Pure Gold on track to build Ontario’s next gold mine

The historic head frame at Pure Gold Mining’s Madsen gold property in Red Lake, Ontario. Credit: Pure Gold Mining.The historic head frame at Pure Gold Mining’s Madsen gold property in Red Lake, Ontario. Credit: Pure Gold Mining.

Pure Gold Mining (TSXV: PGM) is on its way to finishing a definitive feasibility study (DFS) of its Madsen gold project in Ontario’s Red Lake district.

Madsen is one of the highest-grade, undeveloped gold deposits in the world, and muck samples reported in July from the first seven rounds of blasted material averaged 18.8 grams gold per tonne.

The company has started test mining within the first of two planned stopes from the McVeigh zone and plans to extract 7,200 tonnes of mineralized material before the end of September to support a DFS, which it expects to finish in the fourth quarter of the year.

The project in the Red Lake district hosts two past-producing mines, including Madsen, which together produced 2.5 million oz. gold over 36 years. As a result, the project already has a 1,275-metre-deep shaft and head frame, 27 levels of underground workings, a portal and ramp that are open and active for exploration, and a mill and tailings facility, with an existing environmental compliance approval that allows for the operation of a 1,089-tonne-per-day milling and processing facility.

A preliminary economic assessment (PEA) last year projected 910,000 oz. gold could be produced over a 14-year mine life. Pre-production construction would take a year, with an initial capital investment of $51 million. The PEA presented a $258-million after-tax net present value at a 5% discount rate and a 47% internal rate of return, for a payback period of just under three years.

In December, the company updated Madsen’s resource estimate to 1.74 million oz. gold in 6.24 million indicated tonnes grading 8.7 grams gold and 296,000 inferred oz. gold in 1.16 million tonnes averaging 7.9 grams gold. Both resource categories used a cut-off grade of 4 grams gold.

The resource estimate incorporates two new satellite deposits: Russet South and Fork, which are close to the Madsen mill complex. In January, Pure Gold came across the Wedge satellite deposit, 3 km south of the mill.

“The discovery of Wedge is a direct result of the application of a new geologic understanding that was developed while targeting and expanding the Madsen mineral resource,” Darin Labrenz, the company’s president and CEO, told The Northern Miner via email. “Wedge is an important component of the company’s growth strategy. It is exposed at surface and has been successfully targeted to a depth of 500 vertical metres … the ability to potentially mine from satellite zones allows us greater mine flexibility, potentially higher throughput and has the potential to impact the future production profile of the Madsen mine complex.”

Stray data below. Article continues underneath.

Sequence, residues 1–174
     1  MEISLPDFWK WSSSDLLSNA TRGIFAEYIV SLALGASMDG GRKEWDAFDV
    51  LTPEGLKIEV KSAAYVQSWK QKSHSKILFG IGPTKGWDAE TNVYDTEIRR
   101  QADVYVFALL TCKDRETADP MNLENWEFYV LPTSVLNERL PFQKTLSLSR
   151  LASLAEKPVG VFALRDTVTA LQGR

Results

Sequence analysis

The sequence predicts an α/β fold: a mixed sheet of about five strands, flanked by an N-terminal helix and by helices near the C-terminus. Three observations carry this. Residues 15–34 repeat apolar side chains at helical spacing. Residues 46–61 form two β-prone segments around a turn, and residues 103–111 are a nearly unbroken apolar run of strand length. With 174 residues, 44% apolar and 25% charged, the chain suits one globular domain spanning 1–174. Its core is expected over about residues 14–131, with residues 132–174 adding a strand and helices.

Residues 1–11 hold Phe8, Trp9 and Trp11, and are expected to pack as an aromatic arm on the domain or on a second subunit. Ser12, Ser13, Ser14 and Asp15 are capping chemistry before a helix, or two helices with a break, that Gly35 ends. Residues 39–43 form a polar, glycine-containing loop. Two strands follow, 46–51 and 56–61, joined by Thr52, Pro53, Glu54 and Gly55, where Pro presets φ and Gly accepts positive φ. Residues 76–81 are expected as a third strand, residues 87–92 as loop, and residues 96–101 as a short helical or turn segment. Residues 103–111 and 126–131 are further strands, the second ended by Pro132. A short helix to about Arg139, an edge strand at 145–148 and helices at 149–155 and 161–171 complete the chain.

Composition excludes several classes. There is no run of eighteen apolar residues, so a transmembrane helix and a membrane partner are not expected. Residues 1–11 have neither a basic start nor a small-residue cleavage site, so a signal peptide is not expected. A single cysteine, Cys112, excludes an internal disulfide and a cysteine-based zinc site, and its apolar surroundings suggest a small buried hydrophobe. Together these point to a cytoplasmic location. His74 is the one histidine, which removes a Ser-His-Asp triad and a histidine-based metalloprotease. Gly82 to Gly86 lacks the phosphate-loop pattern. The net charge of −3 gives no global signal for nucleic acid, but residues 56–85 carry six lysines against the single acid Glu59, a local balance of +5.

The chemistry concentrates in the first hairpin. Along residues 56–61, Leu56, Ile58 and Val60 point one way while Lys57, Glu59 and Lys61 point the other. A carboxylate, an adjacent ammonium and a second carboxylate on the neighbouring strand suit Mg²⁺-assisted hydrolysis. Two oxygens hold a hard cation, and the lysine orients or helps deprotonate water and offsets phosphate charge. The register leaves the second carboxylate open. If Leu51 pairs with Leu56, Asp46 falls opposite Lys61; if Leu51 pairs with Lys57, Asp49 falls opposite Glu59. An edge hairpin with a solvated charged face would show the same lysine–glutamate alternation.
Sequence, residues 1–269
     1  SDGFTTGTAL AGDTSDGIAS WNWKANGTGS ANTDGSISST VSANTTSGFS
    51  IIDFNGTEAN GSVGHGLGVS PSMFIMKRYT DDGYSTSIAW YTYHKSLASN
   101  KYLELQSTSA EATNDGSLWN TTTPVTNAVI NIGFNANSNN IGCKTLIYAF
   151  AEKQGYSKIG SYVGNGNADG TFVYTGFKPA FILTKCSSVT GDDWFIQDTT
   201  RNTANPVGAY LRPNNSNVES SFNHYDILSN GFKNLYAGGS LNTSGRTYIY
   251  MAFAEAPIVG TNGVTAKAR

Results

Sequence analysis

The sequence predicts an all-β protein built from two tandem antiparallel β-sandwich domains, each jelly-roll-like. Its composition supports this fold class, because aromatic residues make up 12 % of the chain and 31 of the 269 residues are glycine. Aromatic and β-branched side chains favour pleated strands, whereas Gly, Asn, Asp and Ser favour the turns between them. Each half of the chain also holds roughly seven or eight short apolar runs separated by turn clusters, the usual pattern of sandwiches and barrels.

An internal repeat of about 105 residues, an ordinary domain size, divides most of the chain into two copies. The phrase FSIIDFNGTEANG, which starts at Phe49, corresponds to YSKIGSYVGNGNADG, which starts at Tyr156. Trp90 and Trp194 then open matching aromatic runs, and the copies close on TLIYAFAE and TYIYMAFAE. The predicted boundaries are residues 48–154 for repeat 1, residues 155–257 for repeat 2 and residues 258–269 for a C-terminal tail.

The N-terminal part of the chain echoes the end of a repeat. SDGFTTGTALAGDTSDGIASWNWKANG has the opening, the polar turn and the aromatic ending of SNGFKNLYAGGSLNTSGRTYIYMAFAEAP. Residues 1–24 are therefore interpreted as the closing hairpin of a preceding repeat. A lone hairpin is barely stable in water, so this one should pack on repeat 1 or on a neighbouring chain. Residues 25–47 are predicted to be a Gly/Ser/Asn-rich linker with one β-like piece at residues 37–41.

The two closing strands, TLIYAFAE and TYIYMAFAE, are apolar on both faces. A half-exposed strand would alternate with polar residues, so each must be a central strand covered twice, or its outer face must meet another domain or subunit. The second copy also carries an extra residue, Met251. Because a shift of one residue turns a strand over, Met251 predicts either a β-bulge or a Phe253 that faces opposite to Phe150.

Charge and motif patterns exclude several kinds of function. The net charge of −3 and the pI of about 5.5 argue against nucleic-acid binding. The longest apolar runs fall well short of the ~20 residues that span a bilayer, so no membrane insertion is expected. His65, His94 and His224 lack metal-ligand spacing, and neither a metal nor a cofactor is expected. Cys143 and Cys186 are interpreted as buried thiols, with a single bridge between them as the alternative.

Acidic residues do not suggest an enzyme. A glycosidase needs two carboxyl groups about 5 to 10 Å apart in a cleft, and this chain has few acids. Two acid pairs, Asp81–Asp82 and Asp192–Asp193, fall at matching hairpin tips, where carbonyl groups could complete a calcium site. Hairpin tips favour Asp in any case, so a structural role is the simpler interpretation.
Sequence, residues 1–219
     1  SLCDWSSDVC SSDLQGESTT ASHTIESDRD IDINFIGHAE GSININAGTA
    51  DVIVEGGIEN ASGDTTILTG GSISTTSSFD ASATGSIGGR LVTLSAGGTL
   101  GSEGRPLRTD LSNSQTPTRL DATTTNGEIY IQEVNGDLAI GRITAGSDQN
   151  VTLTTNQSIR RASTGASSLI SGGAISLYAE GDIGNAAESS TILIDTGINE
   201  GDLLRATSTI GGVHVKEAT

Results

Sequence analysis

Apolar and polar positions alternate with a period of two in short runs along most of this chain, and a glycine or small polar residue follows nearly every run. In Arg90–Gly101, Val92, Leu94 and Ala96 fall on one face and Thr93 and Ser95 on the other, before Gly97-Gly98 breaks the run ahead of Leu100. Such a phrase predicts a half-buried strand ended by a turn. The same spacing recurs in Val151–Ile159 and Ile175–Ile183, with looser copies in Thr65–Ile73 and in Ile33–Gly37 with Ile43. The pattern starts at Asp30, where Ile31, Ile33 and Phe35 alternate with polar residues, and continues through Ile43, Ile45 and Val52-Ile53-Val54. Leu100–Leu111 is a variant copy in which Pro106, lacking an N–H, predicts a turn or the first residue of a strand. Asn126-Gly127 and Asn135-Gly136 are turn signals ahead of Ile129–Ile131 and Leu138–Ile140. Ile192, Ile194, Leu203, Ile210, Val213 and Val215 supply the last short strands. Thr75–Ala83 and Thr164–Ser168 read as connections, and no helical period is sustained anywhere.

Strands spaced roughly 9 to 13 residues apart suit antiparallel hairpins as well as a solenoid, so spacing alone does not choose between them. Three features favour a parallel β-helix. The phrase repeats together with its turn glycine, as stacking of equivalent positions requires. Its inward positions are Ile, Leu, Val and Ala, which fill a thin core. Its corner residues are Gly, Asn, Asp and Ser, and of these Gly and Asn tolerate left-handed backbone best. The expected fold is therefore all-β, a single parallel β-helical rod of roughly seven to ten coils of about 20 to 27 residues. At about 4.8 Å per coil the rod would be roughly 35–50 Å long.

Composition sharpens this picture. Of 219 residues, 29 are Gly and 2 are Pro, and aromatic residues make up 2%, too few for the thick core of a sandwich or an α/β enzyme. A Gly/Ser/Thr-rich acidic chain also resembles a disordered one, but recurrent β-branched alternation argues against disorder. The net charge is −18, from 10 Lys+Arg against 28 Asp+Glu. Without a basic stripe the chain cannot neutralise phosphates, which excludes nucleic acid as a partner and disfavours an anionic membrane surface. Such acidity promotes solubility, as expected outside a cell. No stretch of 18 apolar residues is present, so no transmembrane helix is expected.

Geologist Robert Scott maps geology underground at Pure Gold Mining’s Madsen gold project in Ontario’s Red Lake mining camp. Credit: Pure Gold Mining.

Geologist Robert Scott maps geology underground at Pure Gold Mining’s Madsen gold project in Ontario’s Red Lake mining camp. Credit: Pure Gold Mining.

In May, the company said it plans to drill another 21,000 metres this year.

“Continued exploration drilling at Wedge, Fork and Russet has been successful, and is expected to provide potential expansion and project scalability opportunities at Madsen,” Labrenz said.

In August it released assays from Wedge. Drill hole 18-600 returned 32.9 grams gold over 1.7 metres from 400 metres downhole, and drill hole 18-616 cut 23.1 grams gold over 2 metres from 133 metres downhole.

Overall, the company says, drilling at Wedge has intersected mineralized zones to 500 metres’ depth and across 1,100 metres of strike. It says that the mineralization at Wedge forms part of a series of genetically and geometrically related high-grade zones that span a 5 km structural corridor from Madsen to Wedge, and Wedge forms the southward extension of the same mineral system that hosts the Fork deposit, too.

Wedge sits in the footwall of the old Starratt-Olsen mine, which was not included in the 2017 assessment.

“Earlier exploration by Pure Gold demonstrated potential for mineralization at Starratt-Olsen to persist to depth, but further work is required,” Labrenz says.

Drill results from Wedge, Russet South and Fork will be incorporated into the company’s next resource update before year-end, but will not be included in the upcoming feasibility study. (There are numerous zones that will form part of the mine plan, which historically have been referred to as the Austen, South Austin, McVeigh and 8 Zone, Labrenz says.)

The satellite deposits all outcrop and are within 1 to 3 km of the mill infrastructure. Russet South and Fork are both 1.5 km from the Madsen mill, while the Wedge zone is just south of Fork.

“Our geologic model has unequivocally linked multiple-related zones into a common mineral system,” Labrenz said. “The recognition of this important structural relationship has opened up expansive gaps along strike and down-plunge that are highly prospective for continued resource growth, supporting our goal of establishing a new multimillion-ounce mine complex at Madsen.”

The company is fully funded for the DFS, remaining mining and processing permit updates, extracting a 7,200-tonne bulk sample and 21,000 metres of exploration drilling beyond the feasibility study, Labrenz says.

Pure Gold has no debt, and as of August had working capital of $15.6 million.

The company’s shares are trading at 56¢ within a 52-week range of 46¢ to 71¢ per share. The company has 236 million shares outstanding for a $132-million market capitalization.


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